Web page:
The solution a number of counties have landed on is “Extended Producer Responsibility,” which requires pharmaceutical manufacturers and others in the product chain to “design, manage and fund take-back programs to securely collect unwanted medicines and sometimes their packaging from the public and ensure the collected materials are properly managed.”

On June 24, 2012, Alameda County adopted the Safe Drug Disposal Ordinance and became the first place in the nation to require pharmaceutical companies to fund the collection and disposal of unused medications from the public. Under the Ordinance, manufacturers must set up disposal kiosk sites throughout Alameda, which consist of disposal bins located in areas “convenient and adequate to serve the [disposal] needs of Alameda County residents.” Manufacturers must also promote the stewardship program to the public through educational and outreach materials. After collection, manufacturers must arrange to destroy the unused prescription drugs at medical waste facilities.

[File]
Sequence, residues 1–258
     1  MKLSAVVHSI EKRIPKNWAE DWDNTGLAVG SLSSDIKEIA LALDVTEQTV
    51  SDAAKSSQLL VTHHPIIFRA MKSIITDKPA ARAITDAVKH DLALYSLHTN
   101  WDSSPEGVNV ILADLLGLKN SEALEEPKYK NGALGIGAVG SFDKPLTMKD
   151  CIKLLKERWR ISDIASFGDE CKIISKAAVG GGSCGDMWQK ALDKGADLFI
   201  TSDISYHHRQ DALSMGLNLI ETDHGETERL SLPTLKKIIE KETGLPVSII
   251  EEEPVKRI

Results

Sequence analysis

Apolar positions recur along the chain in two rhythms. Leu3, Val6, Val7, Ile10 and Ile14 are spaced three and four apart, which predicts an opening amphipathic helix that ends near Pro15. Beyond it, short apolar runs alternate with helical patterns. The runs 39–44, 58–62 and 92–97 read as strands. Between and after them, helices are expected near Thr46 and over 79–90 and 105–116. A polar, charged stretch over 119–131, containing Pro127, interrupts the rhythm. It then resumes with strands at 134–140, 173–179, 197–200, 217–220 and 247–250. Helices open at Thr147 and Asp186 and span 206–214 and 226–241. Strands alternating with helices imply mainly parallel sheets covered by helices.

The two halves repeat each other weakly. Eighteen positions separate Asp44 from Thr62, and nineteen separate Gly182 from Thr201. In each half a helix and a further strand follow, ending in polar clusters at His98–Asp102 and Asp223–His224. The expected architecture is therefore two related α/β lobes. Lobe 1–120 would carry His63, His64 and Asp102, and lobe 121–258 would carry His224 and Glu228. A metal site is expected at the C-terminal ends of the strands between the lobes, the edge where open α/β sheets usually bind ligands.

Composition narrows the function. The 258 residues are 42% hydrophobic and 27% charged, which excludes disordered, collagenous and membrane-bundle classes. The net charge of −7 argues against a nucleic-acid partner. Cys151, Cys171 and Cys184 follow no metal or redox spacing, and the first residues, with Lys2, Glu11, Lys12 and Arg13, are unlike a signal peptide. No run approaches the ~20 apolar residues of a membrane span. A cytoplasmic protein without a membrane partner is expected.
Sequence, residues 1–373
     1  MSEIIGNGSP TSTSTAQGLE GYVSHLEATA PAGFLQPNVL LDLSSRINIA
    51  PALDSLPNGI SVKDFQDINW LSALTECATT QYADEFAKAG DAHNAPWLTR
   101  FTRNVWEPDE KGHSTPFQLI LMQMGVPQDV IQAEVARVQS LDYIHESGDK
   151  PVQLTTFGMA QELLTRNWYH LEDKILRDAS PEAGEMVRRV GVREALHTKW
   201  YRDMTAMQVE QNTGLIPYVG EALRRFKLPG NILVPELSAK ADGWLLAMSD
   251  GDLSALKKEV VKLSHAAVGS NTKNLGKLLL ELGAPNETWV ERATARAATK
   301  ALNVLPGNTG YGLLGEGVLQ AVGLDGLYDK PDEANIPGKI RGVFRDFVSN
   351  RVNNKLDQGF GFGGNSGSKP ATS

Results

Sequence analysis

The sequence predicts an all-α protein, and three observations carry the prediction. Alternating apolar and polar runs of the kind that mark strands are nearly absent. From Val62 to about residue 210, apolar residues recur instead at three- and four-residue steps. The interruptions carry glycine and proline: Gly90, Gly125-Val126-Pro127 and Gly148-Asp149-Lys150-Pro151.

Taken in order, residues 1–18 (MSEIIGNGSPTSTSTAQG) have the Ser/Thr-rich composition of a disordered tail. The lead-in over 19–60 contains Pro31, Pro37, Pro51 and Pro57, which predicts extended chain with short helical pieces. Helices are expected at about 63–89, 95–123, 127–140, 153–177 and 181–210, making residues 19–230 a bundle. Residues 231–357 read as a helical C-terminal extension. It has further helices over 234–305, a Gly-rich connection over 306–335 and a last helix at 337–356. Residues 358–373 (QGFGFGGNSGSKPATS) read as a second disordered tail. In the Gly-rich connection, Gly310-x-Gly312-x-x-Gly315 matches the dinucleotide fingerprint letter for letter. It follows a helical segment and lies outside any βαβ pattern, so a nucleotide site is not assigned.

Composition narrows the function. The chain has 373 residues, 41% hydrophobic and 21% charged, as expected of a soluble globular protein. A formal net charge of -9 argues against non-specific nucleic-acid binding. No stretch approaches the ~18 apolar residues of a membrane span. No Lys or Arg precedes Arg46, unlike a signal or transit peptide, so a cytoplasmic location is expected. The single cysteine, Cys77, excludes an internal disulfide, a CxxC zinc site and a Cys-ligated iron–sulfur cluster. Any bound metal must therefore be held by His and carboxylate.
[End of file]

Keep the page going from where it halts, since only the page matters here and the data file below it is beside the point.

Other counties followed suit, including:



Following Alameda’s adoption of the drug take back program, several industry trade groups, including PhRMA, BIO, and GPhA, challenged the ordinance in court, arguing the ordinance burdens interstate commerce and discriminates against out-of-state companies by shifting costs to counties and states outside of Alameda. Chief Counsel with the Washington Legal Foundation, Richard Semp, a strong opponent of the drug disposal law, noted that the ordinance forces others to pay for something that should be paid for locally. “If Alameda County is permitted to evade the cost of collecting unused pharmaceuticals, then other jurisdictions will take similar steps,” he states. “Local governments have little incentive to impose costs prudently on interstate commerce when their citizens will not bear those costs, but enforcing the dormant Commerce Clause prevents such mischief.”